Car insurance for a person under the age of 25 can be extremely high as they have a much higher risk rating than someone who has been driving for many years. They are also at that age where they are more likely to undertake risky driving behaviour.
To reduce these insurance costs, parents may be tempted to insure the car with the parent as the regular driver. The problem is that you have a good chance that in the case of an accident the claim will be rejected.
According to Nthabiseng Moloi, MiWay Head of Marketing & Brand, in circumstances where the incorrect person was noted as the regular driver, claims are often rejected, as the person behind the wheel is deemed not to be the car’s ‘regular driver’.
Moloi says that if from time to time your child or spouse drives your car and is involved in an accident, you will be covered subject to an additional excess, depending on the terms of your policy. If, however, it is found that the child is actually the regular driver, the claim will be invalidated and all those insurance premiums you paid will be a waste of money.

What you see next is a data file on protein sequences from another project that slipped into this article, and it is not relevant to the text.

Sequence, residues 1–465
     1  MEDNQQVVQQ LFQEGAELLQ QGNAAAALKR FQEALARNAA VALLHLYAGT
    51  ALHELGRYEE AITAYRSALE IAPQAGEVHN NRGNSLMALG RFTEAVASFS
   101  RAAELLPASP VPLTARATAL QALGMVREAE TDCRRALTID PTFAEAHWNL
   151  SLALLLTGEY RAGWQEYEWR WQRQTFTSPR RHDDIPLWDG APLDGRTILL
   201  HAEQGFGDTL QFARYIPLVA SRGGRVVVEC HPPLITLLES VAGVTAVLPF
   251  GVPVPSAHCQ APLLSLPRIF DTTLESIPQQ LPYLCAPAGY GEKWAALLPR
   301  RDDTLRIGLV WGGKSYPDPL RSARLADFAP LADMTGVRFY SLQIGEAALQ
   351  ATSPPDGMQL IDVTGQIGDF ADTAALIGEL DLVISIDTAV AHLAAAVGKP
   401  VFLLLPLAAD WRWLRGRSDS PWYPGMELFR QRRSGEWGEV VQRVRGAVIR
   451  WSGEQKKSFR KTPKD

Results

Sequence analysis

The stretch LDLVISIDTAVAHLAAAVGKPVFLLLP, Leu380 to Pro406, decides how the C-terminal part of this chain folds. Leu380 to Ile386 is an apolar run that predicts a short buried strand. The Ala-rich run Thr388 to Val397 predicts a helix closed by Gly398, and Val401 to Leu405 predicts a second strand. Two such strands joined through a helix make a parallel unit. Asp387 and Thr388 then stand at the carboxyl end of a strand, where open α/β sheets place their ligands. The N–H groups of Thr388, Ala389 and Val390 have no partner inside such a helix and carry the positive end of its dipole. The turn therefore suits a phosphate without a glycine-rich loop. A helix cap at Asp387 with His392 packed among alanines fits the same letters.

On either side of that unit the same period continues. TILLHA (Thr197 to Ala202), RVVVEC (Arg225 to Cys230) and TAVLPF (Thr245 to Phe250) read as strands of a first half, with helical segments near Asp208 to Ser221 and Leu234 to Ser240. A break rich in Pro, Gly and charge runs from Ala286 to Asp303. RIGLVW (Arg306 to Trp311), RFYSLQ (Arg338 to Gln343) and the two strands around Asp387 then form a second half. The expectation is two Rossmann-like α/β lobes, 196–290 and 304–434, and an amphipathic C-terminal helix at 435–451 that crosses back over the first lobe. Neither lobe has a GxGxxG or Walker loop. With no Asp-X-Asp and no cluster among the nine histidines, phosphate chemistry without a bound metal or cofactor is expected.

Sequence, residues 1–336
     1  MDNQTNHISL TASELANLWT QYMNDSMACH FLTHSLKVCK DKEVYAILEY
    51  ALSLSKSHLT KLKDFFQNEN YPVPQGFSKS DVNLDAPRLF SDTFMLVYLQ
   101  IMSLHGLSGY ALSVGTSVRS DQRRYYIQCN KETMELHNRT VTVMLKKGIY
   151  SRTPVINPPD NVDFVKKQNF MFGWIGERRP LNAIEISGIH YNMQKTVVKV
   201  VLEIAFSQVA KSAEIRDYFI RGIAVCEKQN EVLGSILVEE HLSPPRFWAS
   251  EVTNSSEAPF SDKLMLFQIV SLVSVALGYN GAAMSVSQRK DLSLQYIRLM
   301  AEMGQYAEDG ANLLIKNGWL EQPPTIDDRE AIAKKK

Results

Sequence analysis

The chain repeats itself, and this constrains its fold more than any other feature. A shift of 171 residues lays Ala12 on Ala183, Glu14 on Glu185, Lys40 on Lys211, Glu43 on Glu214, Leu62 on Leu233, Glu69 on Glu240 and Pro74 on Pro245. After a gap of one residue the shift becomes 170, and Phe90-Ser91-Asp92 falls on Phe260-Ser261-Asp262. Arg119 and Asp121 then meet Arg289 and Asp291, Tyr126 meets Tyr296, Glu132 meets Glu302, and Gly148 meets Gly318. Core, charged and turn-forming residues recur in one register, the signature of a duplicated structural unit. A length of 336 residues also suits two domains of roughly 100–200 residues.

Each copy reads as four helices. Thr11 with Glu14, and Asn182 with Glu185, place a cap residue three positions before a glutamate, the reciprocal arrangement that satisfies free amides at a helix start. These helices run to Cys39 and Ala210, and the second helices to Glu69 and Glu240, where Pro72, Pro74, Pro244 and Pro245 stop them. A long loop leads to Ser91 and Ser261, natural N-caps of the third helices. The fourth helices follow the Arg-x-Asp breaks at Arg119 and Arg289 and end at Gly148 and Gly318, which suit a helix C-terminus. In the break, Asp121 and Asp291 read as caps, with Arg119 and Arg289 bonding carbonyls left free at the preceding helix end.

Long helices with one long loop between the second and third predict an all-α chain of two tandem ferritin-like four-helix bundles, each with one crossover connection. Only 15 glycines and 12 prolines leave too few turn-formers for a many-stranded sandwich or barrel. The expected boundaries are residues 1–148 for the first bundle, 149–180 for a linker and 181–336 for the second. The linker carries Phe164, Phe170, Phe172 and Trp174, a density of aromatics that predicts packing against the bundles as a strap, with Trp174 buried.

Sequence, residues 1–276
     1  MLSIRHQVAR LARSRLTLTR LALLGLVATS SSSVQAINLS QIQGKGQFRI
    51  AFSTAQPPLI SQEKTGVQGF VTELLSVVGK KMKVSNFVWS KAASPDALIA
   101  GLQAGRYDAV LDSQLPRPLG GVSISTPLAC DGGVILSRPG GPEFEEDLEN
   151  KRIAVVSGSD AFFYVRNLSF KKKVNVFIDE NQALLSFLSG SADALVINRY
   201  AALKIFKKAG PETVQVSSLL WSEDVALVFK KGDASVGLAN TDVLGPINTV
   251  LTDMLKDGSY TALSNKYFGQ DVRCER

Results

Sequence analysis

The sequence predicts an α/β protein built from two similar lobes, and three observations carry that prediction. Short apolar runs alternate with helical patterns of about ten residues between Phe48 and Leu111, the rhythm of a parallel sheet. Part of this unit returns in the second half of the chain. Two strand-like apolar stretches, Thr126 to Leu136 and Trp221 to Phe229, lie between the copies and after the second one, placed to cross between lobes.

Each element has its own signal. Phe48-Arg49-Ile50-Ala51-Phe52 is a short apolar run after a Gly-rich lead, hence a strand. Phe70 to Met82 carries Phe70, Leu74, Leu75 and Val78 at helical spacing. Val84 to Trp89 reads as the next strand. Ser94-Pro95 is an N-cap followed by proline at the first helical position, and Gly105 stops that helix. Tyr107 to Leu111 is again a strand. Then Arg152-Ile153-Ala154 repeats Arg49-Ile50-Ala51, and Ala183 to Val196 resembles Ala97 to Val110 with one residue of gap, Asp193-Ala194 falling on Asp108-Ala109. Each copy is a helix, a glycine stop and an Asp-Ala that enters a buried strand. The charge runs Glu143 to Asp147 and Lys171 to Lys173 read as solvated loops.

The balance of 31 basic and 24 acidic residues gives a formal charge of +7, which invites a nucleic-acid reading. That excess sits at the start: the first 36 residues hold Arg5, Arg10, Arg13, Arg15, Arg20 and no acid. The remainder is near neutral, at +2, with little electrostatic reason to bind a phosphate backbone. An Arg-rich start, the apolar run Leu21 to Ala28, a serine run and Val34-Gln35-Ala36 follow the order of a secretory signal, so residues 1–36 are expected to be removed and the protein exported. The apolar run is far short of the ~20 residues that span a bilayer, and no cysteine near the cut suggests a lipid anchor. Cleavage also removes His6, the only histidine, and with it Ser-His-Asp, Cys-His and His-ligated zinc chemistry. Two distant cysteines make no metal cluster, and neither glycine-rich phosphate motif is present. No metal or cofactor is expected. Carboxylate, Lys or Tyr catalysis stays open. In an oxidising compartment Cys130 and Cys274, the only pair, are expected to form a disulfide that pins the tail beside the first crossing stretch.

Moloi explains that a premium is calculated based on the risk profile of the regular driver, therefore in this case it would have been calculated based on the profile of the parent who is listed as the regular driver. Should the child be found to have been the regular driver, the claim will be rejected if it is found that the risk profile of the child is worse than that of the parent. This is due to the fact that the incorrect premium was collected (premium prejudice) based on incorrect information given and thus voiding the risk.
Insurance companies view the regular driver of a car as the person who drives it most often in a given period. Moloi says this can be tricky to define if your family has one car that is shared between multiple parties, but it should almost always be clear who drives the car most often. If you’re in any doubt, tell your insurer about any individuals who drive the car on a regular basis. Some insurers may ask you to name all the drivers, so check with them or your policy document to be 100% sure before you hand over your keys. And if you pass the car on to someone else in your household, don’t forget to update the details of the regular driver with your insurer.
This article first appeared in City Press.